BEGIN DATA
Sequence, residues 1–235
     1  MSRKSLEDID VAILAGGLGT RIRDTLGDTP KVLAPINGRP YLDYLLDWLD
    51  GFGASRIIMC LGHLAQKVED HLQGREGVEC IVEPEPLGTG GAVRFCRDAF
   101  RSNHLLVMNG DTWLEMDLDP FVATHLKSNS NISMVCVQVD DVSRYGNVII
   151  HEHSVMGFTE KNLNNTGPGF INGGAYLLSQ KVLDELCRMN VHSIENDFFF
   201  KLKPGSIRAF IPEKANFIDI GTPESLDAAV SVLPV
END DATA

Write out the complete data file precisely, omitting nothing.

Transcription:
Sequence, residues 1–235
     1  MSRKSLEDID VAILAGGLGT RIRDTLGDTP KVLAPINGRP YLDYLLDWLD
    51  GFGASRIIMC LGHLAQKVED HLQGREGVEC IVEPEPLGTG GAVRFCRDAF
   101  RSNHLLVMNG DTWLEMDLDP FVATHLKSNS NISMVCVQVD DVSRYGNVII
   151  HEHSVMGFTE KNLNNTGPGF INGGAYLLSQ KVLDELCRMN VHSIENDFFF
   201  KLKPGSIRAF IPEKANFIDI GTPESLDAAV SVLPV